My brother-in-law, Jim, passed away on May 13th from complications of throat and esophageal cancer.
He was only 53.
Jim had a loud, infectious laugh that even made him laugh. It rumbled like thunder during a sticky, August, afternoon storm. You could hear his unmistakable voice bark across Lake Michigan to the shores of northwest Indiana and echo back again.
A gruff exterior, he commanded an almost fearful presence with his swagger and aura of rebellion. Not someone to mess with or get in his way.
But go ahead and get in his way, he would appreciate your toughness and grit. He won't bite, he's actually quite the gentle soul. You would become an instant new friend and he'd probably buy you a drink. No, never mind, I am certain he would.
On the inside, Jim was the complete opposite of that salty, curmudgeon facade. In the eloquent words of the eulogy delivered by his dear friend, Chris Murphy, "Jim was like a hard jawbreaker on the outside but soft and chewy on the inside."
He'd loan you money, cuddle your fussy baby, offer you a ride when your car was in the shop or fix the pump on your swimming pool without expecting anything in return. If you ever needed something, Jim was your guy.
An electrician, he worked tirelessly as a proud member of I.B.E.W. Local 134 (Chicago) for thirty years. Just a regular guy in jeans and a flannel shirt who'd gladly give you that shirt if you were down on your luck. Not a boorish, selfish bone in his body.
On the day of his funeral, after mass at St. Domitilla Church, where he had been baptized fifty three years ago, we headed to a luncheon to honor his memory and grieve with his beloved wife Debbie, his big Italian family and a countless array of loyal friends. As we pulled into his favorite watering hole, Stimac's Bar and Restaurant in Hillside, I noticed the sign out in front with a message for Jim.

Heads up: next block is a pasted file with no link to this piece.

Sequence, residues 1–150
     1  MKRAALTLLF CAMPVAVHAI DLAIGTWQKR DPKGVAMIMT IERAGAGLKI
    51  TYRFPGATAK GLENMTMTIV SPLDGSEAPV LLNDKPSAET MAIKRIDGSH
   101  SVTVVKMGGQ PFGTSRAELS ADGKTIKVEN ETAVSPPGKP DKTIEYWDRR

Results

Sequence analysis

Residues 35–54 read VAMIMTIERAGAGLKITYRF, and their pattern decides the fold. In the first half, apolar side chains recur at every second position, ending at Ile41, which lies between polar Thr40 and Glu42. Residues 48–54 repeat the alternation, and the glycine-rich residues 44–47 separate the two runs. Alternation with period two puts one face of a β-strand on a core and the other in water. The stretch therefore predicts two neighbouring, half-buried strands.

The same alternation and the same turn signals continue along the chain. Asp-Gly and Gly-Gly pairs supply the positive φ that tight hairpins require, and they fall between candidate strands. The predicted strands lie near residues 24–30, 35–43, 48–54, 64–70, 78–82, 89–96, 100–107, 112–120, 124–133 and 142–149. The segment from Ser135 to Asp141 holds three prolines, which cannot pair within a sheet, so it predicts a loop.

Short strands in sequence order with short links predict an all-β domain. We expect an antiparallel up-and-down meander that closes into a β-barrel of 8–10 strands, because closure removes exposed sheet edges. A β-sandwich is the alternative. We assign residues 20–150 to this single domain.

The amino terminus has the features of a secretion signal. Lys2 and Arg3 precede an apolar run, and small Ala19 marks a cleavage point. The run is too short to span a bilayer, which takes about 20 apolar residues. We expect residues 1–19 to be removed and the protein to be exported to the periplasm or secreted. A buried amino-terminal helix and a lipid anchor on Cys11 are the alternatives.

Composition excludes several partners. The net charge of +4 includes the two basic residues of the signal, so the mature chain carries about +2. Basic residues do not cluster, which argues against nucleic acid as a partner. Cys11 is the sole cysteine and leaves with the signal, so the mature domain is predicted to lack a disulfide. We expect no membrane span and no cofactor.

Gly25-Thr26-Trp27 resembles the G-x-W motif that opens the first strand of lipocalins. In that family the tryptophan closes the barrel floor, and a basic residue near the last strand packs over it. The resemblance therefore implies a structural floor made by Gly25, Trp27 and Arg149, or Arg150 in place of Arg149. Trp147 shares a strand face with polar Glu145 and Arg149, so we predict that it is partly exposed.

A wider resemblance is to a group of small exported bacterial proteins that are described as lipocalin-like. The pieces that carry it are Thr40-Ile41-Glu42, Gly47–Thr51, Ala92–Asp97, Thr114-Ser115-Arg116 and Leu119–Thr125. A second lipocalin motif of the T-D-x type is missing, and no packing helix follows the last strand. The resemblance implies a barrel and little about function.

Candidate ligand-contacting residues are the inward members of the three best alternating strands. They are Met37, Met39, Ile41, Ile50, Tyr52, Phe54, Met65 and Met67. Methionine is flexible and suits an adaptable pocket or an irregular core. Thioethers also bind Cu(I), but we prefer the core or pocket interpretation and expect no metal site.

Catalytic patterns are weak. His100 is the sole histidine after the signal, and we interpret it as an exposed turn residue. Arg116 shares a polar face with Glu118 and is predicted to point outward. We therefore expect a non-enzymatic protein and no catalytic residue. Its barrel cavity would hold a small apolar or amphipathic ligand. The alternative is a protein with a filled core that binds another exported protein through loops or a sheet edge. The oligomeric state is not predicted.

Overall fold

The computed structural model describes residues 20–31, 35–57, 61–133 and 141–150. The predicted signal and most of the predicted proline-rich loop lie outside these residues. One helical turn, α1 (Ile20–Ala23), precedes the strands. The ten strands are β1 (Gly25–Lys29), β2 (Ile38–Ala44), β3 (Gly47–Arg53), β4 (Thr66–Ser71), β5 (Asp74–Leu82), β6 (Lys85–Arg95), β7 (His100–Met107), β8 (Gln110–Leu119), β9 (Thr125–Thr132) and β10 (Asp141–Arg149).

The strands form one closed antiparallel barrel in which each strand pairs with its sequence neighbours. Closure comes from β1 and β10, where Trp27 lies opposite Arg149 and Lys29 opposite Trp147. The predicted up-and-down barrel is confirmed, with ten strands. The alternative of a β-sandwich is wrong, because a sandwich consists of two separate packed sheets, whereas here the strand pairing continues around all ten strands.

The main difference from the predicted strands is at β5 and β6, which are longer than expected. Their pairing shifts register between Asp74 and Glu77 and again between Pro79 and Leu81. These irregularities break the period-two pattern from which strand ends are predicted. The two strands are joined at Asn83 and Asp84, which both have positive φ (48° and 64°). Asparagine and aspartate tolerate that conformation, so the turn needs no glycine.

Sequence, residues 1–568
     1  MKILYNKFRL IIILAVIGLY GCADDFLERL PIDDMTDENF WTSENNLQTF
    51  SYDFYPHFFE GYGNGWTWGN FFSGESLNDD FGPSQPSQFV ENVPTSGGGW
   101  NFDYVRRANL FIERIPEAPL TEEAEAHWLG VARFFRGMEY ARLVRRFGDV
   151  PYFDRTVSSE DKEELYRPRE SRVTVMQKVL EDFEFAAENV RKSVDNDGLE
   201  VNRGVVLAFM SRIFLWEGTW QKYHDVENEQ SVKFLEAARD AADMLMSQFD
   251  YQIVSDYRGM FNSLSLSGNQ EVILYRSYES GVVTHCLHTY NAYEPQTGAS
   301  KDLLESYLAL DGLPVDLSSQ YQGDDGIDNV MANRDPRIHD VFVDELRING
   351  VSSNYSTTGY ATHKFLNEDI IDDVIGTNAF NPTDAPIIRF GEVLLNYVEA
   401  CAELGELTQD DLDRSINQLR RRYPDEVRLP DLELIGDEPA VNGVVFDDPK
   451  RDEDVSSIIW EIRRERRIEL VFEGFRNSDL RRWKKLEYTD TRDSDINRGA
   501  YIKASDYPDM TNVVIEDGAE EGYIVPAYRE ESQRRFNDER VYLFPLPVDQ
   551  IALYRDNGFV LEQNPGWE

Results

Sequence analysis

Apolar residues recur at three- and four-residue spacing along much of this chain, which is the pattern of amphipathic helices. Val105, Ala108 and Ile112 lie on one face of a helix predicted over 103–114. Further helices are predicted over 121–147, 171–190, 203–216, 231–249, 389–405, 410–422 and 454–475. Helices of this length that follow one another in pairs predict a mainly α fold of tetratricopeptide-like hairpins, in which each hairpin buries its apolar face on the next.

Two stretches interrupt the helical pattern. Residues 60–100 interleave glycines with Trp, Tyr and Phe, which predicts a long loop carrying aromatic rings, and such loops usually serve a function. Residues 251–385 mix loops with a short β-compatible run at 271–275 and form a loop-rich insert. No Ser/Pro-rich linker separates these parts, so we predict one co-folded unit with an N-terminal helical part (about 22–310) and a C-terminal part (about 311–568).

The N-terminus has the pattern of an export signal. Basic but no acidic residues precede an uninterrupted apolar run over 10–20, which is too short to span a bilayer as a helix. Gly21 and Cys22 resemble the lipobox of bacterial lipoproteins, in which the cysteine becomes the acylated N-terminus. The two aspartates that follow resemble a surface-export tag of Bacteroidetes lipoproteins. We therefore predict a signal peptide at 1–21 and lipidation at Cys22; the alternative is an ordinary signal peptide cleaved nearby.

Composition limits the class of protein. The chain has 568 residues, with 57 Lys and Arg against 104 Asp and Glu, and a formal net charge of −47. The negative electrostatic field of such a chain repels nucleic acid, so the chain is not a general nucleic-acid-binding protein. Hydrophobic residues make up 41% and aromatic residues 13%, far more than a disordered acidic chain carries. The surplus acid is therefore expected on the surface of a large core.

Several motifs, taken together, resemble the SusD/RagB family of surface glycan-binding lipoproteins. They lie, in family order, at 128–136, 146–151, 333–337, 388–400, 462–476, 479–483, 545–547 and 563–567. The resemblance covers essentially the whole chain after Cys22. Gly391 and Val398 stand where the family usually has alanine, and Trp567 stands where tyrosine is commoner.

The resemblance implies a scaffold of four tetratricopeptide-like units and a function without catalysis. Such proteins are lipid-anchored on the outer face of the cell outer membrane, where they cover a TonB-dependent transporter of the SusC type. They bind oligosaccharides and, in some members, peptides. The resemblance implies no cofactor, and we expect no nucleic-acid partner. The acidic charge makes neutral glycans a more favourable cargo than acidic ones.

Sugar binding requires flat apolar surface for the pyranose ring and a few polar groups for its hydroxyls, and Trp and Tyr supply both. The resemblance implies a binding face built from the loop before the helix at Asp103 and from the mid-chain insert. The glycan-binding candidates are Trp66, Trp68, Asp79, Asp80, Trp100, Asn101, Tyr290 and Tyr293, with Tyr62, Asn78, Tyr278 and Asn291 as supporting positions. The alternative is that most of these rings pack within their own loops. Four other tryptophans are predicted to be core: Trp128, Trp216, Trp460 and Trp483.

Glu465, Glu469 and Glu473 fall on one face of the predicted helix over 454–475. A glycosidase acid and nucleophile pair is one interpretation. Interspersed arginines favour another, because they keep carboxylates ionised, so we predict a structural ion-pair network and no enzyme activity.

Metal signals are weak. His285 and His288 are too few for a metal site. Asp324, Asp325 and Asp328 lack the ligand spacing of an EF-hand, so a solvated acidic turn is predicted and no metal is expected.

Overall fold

Rest in peace
We miss you already
Because it made me smile, I took a picture of it. Then one more. I wanted to remember these words.
Jim (or Jimbo or Jimmy) was a regular there. Rumor has it the owner actually gave him a key to let himself in, after hours, should he ever need something. Always on the "honor system" and he would never cheat a soul. Jim's bar tab probably paid to keep the place running the past thirty years. It was his second home. The cream of chicken soup was his favorite and a cold beer could always be found in his hardworking, sturdy hands.
How often do you know of a business honoring the loss of a beloved patron in such a public display?
Well, my friends, they loved him there at Stimac's. He was the brassy guy with the big heart that became the soul of the joint.
When Jim walked in the door, you knew the night was just beginning to get a bit spicy. Not a chance of leaving now.
Take another look at the sign.
To the right.
See that white shock of light shining down on the words about Jimmy?
That light wasn't in the first photo at the top of this page. I took these photos seconds apart.
Where did that light come from?
I call those "God Rays."
When you are despondent, grieving, looking for answers maybe, and you look into the sky and out of nowhere see this light shining from above.
I consider that a sign that somehow, no matter what is going on in life, things are going to be okay.
This brilliant blue sky held "God Rays" that afternoon as we entered his favorite bar.
And I believe it was Jim's way of telling us that he was at peace and we would be alright after all.
Come on in, sit yourselves down, have a cold drink and if you listen carefully, you can still hear my roaring laughter within these sacred walls. It's all good.
We will always miss you, Jim.
You left us way too soon.
You were the lion in a herd of cattle.
With love and remembrance,
Your favorite sister-in-law
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